Don't expect luxury though - electricity is rationed and water is drawn from wells (frequently running out during dry season), and there is surely no phone signal or wifi for you to instagram that spectacular sunset either.



2. Take a dip in the Mekong River and look out for the Irrawaddy Dolphins

 

This excursion was hands down the most fun part of my trip :) We travelled northwards into Kratie, a tiny town that is home to the endangered Irrawaddy Dolphins. Together with Sorya Kayaking Adventures, we spent half a day paddling through the most picturesque and serene sections of the Mekong River - past sand islands, flooded forests and finally to a deep pool where we spotted a pod of river dolphins come up occassionally to the surface to breathe. We also managed to stop by a sand bank along the river for a quick dip. Truly a back to nature experience!



3. Visit a floating village on Southeast Asia's Largest freshwater lake

 

The Great Tonle Sap Lake is Cambodia's lifeline, providing sustenance for the 3 million Cambodians who live around (or on, as you will later see) the lake. We hopped onto a van to Kampong Khleang, one of Cambodia's largest floating villages to get an insight into this community. We visited in the dry season, so we got to see all the stilts bare and exposed as the river is only about knee deep at this moment. During the monsoon, all the houses along the river would be submerged and hence look like they were floating!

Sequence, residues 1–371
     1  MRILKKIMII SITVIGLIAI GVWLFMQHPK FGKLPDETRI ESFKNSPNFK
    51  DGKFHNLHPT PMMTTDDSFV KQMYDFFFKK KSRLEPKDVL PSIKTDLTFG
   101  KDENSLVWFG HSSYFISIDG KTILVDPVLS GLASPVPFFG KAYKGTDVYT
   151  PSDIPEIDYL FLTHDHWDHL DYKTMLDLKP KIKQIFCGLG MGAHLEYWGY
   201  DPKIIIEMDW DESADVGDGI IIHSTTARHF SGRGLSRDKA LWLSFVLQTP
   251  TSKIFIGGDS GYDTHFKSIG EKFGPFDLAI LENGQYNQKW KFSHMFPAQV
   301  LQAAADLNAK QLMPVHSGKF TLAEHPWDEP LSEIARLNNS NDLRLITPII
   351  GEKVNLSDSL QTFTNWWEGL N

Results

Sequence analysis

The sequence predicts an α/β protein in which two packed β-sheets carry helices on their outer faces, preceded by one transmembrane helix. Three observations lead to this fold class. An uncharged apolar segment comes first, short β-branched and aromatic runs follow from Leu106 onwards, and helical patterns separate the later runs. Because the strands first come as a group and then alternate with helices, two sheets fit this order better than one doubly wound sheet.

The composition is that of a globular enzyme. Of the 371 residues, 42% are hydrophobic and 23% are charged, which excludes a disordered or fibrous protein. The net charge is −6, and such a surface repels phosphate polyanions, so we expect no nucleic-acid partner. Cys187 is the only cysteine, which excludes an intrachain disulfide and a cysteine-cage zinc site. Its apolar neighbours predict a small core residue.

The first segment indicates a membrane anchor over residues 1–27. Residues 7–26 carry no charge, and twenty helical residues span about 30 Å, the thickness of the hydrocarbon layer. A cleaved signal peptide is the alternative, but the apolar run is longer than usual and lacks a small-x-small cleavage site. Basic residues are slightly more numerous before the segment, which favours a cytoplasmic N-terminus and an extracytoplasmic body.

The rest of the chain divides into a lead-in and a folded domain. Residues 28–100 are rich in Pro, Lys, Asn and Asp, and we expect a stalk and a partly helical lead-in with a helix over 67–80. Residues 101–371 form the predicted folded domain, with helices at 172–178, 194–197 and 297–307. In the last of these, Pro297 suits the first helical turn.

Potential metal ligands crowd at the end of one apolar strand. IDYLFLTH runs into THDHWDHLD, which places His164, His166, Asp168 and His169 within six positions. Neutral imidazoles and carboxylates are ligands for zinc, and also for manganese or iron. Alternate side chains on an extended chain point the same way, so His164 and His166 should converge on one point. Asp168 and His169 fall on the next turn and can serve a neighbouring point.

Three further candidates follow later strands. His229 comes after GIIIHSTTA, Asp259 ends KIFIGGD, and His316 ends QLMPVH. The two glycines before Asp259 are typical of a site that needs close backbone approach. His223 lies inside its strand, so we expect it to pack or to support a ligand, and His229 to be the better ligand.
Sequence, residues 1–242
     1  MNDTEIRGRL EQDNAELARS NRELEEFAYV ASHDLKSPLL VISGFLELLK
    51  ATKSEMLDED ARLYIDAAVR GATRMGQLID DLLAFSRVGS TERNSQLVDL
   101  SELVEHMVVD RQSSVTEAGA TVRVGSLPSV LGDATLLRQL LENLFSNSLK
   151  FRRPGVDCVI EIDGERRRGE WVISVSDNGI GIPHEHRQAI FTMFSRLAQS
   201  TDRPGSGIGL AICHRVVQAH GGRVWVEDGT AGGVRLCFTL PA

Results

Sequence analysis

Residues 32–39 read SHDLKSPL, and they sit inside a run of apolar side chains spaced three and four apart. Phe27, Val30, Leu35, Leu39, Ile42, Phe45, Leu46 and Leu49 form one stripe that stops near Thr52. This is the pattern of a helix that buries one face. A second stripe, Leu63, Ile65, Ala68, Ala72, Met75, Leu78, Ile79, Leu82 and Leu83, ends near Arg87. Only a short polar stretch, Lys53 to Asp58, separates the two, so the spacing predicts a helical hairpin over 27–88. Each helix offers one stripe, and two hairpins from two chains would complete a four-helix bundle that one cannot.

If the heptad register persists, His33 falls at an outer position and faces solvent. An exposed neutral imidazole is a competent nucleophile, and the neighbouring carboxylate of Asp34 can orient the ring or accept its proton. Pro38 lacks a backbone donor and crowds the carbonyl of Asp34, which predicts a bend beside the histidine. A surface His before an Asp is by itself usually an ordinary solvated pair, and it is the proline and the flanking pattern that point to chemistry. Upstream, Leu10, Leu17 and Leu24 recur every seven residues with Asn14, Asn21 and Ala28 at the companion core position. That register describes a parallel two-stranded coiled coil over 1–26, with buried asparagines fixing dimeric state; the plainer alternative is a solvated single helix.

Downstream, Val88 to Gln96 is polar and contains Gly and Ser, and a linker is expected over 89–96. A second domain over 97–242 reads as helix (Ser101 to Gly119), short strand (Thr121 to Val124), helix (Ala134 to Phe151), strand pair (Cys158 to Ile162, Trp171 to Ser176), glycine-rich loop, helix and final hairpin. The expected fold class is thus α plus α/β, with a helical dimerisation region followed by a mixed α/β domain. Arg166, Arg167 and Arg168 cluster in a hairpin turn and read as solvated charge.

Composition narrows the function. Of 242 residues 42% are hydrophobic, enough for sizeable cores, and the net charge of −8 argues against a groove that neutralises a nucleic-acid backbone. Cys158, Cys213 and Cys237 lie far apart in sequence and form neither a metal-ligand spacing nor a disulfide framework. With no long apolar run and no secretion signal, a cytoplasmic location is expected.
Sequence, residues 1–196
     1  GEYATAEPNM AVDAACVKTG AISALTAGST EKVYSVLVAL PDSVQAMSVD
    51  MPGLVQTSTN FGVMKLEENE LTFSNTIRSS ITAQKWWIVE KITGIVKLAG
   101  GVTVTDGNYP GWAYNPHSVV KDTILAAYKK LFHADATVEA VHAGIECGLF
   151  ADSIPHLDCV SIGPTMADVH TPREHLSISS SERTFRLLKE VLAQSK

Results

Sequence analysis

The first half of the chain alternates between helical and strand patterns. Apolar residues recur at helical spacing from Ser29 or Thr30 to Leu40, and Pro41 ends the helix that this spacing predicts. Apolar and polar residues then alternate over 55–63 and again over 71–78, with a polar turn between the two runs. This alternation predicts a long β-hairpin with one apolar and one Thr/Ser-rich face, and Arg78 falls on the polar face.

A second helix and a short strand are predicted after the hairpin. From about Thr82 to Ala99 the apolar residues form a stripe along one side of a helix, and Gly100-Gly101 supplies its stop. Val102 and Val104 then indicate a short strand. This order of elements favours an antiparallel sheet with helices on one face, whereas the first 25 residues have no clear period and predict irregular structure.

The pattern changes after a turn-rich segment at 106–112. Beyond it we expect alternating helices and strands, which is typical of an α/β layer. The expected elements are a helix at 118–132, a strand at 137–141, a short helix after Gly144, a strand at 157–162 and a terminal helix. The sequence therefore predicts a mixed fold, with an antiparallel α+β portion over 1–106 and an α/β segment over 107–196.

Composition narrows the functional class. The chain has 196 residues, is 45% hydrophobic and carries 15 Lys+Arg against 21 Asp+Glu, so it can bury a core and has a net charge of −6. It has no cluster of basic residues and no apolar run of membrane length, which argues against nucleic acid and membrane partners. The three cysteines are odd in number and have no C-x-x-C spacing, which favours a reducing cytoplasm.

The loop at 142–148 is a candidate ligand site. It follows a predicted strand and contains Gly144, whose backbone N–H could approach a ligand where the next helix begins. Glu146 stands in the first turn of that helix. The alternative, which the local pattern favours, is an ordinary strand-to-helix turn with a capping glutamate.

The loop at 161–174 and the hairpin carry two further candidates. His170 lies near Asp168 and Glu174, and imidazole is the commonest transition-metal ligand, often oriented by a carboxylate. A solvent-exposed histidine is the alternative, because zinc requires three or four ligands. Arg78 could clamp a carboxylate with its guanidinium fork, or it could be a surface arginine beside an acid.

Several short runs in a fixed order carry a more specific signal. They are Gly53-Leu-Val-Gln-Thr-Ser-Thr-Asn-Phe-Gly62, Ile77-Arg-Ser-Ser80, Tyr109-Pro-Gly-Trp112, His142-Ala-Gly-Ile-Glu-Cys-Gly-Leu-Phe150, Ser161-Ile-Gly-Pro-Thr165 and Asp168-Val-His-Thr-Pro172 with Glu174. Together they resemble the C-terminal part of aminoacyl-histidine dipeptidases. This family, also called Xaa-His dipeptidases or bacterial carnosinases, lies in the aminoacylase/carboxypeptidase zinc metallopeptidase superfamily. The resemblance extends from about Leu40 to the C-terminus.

The community here leads a pretty interesting lifestyle - during the dry season most of them are farmers, and during the wet season when their land floods, they become fishermen instead. Some families also relocate their houses downstream towards the lake during the dry season (and vice versa), and there is even a community that is permanently located on the lake (we saw even a floating school). Definitely an interesting experience that is worth checking out - Kampong Khleang is a mere 1-2 hours drive away from Siem Reap!


4. Chill out at Siem Reap's themed cocktail bars


Every night is an interesting night in Cambodia, with alcohol being so good and so cheap. I had a whole list of interesting cocktail bars in Siem Reap to visit, and Asana Bar was my favourite to visit. Their drinks came in intersting conconctions featuring local herbs and flavours (give me that ginger mojito!) and the bar itself was the cutest wooden house on stilts complete with swings, hammocks and beds for you to enjoy your evening.


5. Explore the Largest Religious Monument in the World


As kitschy as it may be, no trip to Cambodia is complete without visiting this world renowned heritage site. The Angkor Wat complex is huge, and by huge I mean overwhelming. The whole complex is larger than 160 football pitches put together, and you'll need a couple of days to take it all in. Just half a day is sufficient for you to see the most famous temples though - Angkor Wat, Bayon and a couple more. Be prepared for a lot of walking, stair climbing and sweat (the temples are built many storeys high so the devotees had to work hard to reach the gods...)




So there you have it! My top 5 favourite attractions to visit in Cambodia. Hope you enjoyed the photos and the occasional commentary. If it helps, you may see a mapped itinerary of all the places of interest I visited here to help you plan for your trip too!
To more wanderlust adventures ahead! Write again next time xx